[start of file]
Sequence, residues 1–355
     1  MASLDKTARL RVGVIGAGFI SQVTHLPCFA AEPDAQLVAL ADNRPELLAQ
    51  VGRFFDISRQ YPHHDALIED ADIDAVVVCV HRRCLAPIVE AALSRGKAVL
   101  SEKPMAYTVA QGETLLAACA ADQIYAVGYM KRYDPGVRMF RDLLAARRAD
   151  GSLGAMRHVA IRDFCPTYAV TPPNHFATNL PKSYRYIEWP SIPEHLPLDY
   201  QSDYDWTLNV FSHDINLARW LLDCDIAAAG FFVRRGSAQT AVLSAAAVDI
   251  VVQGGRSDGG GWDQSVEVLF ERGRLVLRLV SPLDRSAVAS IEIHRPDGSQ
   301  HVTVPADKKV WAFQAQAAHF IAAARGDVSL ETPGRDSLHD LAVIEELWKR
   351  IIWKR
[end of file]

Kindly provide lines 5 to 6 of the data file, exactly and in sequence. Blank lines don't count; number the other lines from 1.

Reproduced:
   151  GSLGAMRHVA IRDFCPTYAV TPPNHFATNL PKSYRYIEWP SIPEHLPLDY
   201  QSDYDWTLNV FSHDINLARW LLDCDIAAAG FFVRRGSAQT AVLSAAAVDI